The topics ‘Gandalf’ and ‘Friendship’ overlap 22 times, which is not totally surprising since Gandalf does most of the talking throughout the chapter, and he is the only character who knows everyone else in the Council already. But the second most frequent overlap is with Elrond: he intersects with Friendship eight times, which is more often than Frodo who only gets five overlaps with Friendship!


Like most of the Elves in Lord of the Rings, Elrond is rather aloof and even in his own council acts as a remote facilitator for the other characters. Yet, the cluster view on Friendship led me to reconsider his relationship not only with Gandalf (when Gandalf recites the Ring inscription in the Black Speech, he strongly presumes on Elrond’s friendship, and Elrond forgives him because of that friendship) but also with Bilbo.


Re-reading Elrond’s exchanges with Bilbo during the Council, I was struck by the gentle teasing apparent in the hobbit’s reminders of his need for lunch and Elrond’s requests that Bilbo should tell his story without too many embellishments and it need not be in verse. The friendship between Bilbo and Elrond also rather explains how Bilbo had the guts to compose and perform a song about Elrond’s father Eärendil in the previous chapter, something even Aragorn, Elrond’s foster son, described as a daring act.


Perhaps none of this is terribly surprising. Within the unfolding story of the Lord of the Rings, Bilbo has been living in Elrond’s house for 17 years - time enough even for busy Elflords to get to know their house guests. And for readers who grew up with the tale of The Hobbit, Bilbo’s centrality may also not be much of a surprise. For me, however, looking at the chapter using Quirkos opened up a rather pleasing new dimension and led me to reconsider a couple of beloved characters in a new light.

 

 

Participatory Qualitative Analysis

laptops for qualitative analysis

 

Engaging participants in the research process can be a valuable and insightful endeavour, leading to researchers addressing the right issues, and asking the right questions. Many funding boards in the UK (especially in health) make engaging with members of the public, or targets of the research a requirement in publicly funded research.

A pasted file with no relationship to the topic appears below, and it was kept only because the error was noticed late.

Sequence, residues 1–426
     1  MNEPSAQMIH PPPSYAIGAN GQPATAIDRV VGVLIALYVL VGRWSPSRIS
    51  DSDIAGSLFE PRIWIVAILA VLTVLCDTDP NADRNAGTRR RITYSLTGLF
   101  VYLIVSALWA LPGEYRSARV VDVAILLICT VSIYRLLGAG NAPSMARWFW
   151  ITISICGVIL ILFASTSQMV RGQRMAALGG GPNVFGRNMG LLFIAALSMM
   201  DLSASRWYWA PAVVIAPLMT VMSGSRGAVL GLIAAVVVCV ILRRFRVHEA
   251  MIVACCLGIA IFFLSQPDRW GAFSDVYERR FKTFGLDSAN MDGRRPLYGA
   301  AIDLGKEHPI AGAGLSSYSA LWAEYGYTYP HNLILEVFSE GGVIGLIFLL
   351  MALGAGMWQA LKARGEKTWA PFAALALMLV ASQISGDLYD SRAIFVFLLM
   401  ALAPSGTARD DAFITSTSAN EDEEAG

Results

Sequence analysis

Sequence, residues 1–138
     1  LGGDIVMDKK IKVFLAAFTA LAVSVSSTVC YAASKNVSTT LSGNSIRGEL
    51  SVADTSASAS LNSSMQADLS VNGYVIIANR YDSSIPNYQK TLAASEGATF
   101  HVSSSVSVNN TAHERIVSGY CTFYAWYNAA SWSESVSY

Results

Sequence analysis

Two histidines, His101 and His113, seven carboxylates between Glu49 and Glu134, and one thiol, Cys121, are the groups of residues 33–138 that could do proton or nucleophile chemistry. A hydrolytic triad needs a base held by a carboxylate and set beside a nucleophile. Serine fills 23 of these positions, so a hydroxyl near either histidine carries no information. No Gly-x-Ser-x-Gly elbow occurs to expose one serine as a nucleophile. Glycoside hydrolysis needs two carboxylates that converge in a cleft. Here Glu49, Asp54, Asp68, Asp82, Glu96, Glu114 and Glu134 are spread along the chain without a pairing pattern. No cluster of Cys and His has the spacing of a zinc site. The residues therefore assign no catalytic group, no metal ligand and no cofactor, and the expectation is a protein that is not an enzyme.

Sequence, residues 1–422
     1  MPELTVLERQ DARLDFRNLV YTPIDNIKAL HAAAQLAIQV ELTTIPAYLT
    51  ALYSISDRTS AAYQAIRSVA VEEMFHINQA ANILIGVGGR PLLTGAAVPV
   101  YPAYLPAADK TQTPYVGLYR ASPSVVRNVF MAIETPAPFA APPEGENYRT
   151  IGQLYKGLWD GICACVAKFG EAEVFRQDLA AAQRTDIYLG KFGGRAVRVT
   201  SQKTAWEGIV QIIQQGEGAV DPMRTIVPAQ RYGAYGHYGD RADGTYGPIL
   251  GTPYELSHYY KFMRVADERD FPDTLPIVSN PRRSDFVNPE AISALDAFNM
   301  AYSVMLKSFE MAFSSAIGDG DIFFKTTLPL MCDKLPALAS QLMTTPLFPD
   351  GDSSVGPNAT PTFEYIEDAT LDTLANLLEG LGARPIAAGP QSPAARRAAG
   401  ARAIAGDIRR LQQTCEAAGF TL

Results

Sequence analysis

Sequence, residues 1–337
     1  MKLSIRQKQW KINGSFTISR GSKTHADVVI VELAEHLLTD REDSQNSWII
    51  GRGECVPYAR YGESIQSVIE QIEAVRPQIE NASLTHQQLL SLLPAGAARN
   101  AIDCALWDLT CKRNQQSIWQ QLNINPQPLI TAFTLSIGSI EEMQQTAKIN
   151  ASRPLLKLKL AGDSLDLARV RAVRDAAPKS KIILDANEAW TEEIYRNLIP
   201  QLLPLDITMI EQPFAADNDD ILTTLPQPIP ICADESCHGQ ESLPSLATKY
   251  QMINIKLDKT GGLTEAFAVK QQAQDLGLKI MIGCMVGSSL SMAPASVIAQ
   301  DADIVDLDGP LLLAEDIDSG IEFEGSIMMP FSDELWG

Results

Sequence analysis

While there are similar obligations to provide dissemination and research outputs that are targeted at ‘lay’ members of the public, the engagement process usually ends in the planning stage. It is rare for researchers to have participants, or even major organisational stakeholders, become part of the analysis process, and use their interpretations to translate the data into meaningful findings.

 

With surprisingly little training, I believe that anyone can do qualitative analysis, and get engaged in actions like coding and topic discovery in qualitative data sets.

 

I’ve written about this before but earlier this year we actually had a chance to try this out with Quirkos. It was one of the main reasons we wanted to design new qualitative analysis software; existing solutions were too difficult to learn for non-expert researchers (and quite a lot of experienced experts too).

 

So when we did our research project on the Scottish Referendum, we invited all of the participants to come along to a series of workshops and try analysing the data themselves. Out of 12, only 3 actually came along, but none of these people had any experience of doing qualitative research before.

 

And they were great at it!

 

In a two hour session, respondents were given a quick overview of how to do coding in Quirkos (in just 15 minutes), and a basic framework of codes they could use to analyse the text. They were free to use these topics, or create their own as they wished – all 3 participants chose to add codes to the existing framework.

 

They were each given transcripts from someone else’s anonymised interview: as these were group sessions, we didn’t want people to be identified while coding their own transcript. Each were 30 minute interviews, around 5000 words in length. In the two hour session, all participants had coded one interview completely, and done most (or all) of the second. One participant was so engrossed in the process, he had to be sent home before he missed his dinner, but took a copy of Quirkos and the data home to keep working on his own computer.

 

The graph below shows how quickly the participants learnt how to code. The y axis shows the number of seconds between each ‘coding event’: every time someone coded a new piece of text (and numbered sequentially along the x axis). The time taken to code starts off high, with questions and missteps meaning each event takes a minute or more. However, the time between events quickly decreases, and in fact the average time for the respondents was to add a code every 20 seconds. This is after any gaps longer than 3 minutes have been removed – these are assumed to be breaks for tea or debate! Each user made at least 140 tags, assigning text to one or more categories.